How lovely are Your dwelling-places, Yahweh Sabaoth. My whole being yearns and pines for Yahweh’s courts; My heart and my body cry out for joy to the living God. –Psalm 84:1-2
Last March 16, midway through Lent, our community’s Intercessory Ministry (fittingly called Elijah Ministry) took a whole bus-load of us on a trip to Pampanga for Visita Iglesia–the Lenten practice of visiting 7 churches to devoutly pray the Way of the Cross. I had only been on Visita Iglesia once before, and it was in the impossible traffic of Manila on a Maundy Thursday night, squeezing through throngs of devotees. Don’t misread me, it is a good sign that hundreds of Filipinos still practice the devotion every year. But I never repeated the practice because honestly, it was very, er, challenging to maintain a prayerful state amidst the horde and the heat. Not much blood and tears, but a whole lot of SWEAT.
So with my first opportunity to join this yearly pilgrimage, Peter and I signed up for the whole day affair. And how glad are we that we did–seeing for the first time old churches that were simply breathtaking in their beauty, realizing with surprise how a lot of Pampanga churches housed first class relics of different saints, but most of all, witnessing the faith and resilience of a people who had gone through hell but survived by clinging desperately to their God.
Our first stop was St. James the Apostle Church (also known as Betis Church, and famed as the Sistine Chapel of the Philippines) in Guagua, Pampanga. A Baroque style structure, originally made entirely of wood in the 17th century, it was rebuilt in concrete after recurrent fires around 1770. In the 1930’s, the last Spanish priest to handle the church commissioned a local artist, Macario Ligon (and then later his nephew and former assistant, Victor Ramos), to adorn the interior, most notably the high ceiling, with lovely paintings that might have given Michelangelo a run for his money. If it weren’t inappropriate, I would very much have liked to lie on a mat at the very center of the church and just stare at the intricately decorated ceiling.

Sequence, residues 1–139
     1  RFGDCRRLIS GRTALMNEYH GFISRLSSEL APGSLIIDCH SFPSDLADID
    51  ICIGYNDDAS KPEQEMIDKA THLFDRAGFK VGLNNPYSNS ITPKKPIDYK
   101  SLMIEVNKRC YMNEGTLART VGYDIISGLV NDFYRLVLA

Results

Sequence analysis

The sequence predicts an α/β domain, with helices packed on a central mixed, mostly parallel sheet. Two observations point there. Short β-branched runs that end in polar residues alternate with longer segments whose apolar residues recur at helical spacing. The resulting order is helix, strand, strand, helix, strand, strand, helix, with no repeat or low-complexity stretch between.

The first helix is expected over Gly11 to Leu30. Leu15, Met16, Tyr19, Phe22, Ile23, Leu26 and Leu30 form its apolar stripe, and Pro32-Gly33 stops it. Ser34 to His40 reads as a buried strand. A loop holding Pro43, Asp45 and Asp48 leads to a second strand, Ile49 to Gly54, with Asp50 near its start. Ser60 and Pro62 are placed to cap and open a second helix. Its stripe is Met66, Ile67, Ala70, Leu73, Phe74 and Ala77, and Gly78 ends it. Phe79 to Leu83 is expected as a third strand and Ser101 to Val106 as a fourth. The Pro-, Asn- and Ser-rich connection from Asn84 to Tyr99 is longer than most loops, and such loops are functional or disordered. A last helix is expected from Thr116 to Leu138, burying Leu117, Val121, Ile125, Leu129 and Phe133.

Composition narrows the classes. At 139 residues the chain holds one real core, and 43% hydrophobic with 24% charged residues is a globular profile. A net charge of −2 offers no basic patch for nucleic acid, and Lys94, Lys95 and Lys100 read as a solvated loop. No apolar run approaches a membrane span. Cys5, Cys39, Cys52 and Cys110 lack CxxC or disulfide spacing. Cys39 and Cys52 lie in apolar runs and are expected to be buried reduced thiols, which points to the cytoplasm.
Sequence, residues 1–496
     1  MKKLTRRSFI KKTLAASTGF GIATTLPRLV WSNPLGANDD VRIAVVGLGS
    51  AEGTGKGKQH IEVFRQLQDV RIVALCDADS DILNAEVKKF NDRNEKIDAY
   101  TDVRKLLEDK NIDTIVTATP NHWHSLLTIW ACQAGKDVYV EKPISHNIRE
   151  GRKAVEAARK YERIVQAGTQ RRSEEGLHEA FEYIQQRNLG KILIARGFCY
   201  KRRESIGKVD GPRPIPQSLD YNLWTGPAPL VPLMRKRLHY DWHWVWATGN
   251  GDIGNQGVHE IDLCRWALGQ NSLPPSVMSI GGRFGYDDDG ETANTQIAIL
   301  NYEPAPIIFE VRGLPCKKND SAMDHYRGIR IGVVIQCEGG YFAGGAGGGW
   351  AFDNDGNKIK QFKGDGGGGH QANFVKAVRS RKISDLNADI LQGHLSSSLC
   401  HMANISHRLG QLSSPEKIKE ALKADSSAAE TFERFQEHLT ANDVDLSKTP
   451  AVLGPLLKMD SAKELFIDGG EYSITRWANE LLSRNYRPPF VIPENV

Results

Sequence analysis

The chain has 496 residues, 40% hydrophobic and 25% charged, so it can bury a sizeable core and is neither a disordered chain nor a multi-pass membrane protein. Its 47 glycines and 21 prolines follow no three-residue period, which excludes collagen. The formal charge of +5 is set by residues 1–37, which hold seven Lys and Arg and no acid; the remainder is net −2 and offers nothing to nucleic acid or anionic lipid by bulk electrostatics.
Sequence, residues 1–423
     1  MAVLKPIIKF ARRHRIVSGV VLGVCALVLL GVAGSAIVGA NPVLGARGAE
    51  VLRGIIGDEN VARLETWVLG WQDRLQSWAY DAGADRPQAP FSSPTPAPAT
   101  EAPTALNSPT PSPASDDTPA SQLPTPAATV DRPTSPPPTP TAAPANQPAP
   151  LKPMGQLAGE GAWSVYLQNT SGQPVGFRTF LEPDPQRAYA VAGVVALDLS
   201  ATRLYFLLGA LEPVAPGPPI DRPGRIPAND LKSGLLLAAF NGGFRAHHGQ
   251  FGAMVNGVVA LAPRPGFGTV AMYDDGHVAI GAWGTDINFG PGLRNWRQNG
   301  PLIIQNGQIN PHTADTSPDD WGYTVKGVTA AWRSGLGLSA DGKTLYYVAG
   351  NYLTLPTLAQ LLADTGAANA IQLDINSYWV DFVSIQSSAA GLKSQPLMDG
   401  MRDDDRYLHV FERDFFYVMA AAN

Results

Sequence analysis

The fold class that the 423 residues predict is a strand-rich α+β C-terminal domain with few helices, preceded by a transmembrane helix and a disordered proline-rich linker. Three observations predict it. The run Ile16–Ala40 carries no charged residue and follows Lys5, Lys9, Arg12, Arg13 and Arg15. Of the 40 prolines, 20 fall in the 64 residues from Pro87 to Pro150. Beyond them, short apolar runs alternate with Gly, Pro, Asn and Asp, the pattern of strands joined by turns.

Not that the main altar isn’t also something to behold–gilded retablos of saints venerated in Augustinian spirituality.
Another church we visited was the Immaculate Conception Parish, also in Guagua. Just in Manila alone, there are at least 3 Cathedrals named after Our Lady of the Immaculate Conception: one in Cubao, one in Pasig, and the main Cathedral Basilica of the Archdiocese of Manila in Intramuros. Having yet another church dedicated to our Lady affirms how close our Mother is to the hearts of Filipinos (and, I’d like to believe, vice versa).
In contrast to the colorful interiors of Betis Church, this one, perhaps in homage to its patroness, is simply and elegantly white. And after walking through what seemed like one of the town’s busiest intersections just to get to it, entering the pristine and surprisingly quiet church had an almost instant calming effect.
It’s funny how I’ve marveled at historic churches in other countries, but have never really had the chance to discover what my own country has to offer (and we’ve only been talking about one province! I’m excited to find out what else is out there). Visiting these churches, I felt an unmistakable sense of pride in being not just Catholic, but a Filipino one, sharing in the history and faith of the people who have lived, loved, and prayed here.
Read the second installment on this series in Visita Iglesia: Honoring Holiness.